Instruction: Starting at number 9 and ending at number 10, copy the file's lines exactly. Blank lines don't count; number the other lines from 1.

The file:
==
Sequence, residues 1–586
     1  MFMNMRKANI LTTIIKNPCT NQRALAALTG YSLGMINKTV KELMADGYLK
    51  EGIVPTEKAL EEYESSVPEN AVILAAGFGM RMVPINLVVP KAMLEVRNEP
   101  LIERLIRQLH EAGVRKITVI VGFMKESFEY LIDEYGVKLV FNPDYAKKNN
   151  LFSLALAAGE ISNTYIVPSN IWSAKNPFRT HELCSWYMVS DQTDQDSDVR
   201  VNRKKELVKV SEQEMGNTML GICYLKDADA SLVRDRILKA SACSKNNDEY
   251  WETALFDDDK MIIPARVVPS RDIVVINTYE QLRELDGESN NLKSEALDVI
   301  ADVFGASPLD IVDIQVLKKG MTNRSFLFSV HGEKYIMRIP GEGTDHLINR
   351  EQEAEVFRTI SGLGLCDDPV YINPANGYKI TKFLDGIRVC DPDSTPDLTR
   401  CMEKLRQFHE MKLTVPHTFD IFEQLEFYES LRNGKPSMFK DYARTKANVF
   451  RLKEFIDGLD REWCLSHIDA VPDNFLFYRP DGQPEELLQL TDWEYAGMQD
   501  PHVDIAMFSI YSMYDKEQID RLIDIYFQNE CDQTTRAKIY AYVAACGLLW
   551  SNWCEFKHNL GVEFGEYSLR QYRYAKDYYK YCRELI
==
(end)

   351  EQEAEVFRTI SGLGLCDDPV YINPANGYKI TKFLDGIRVC DPDSTPDLTR
   401  CMEKLRQFHE MKLTVPHTFD IFEQLEFYES LRNGKPSMFK DYARTKANVF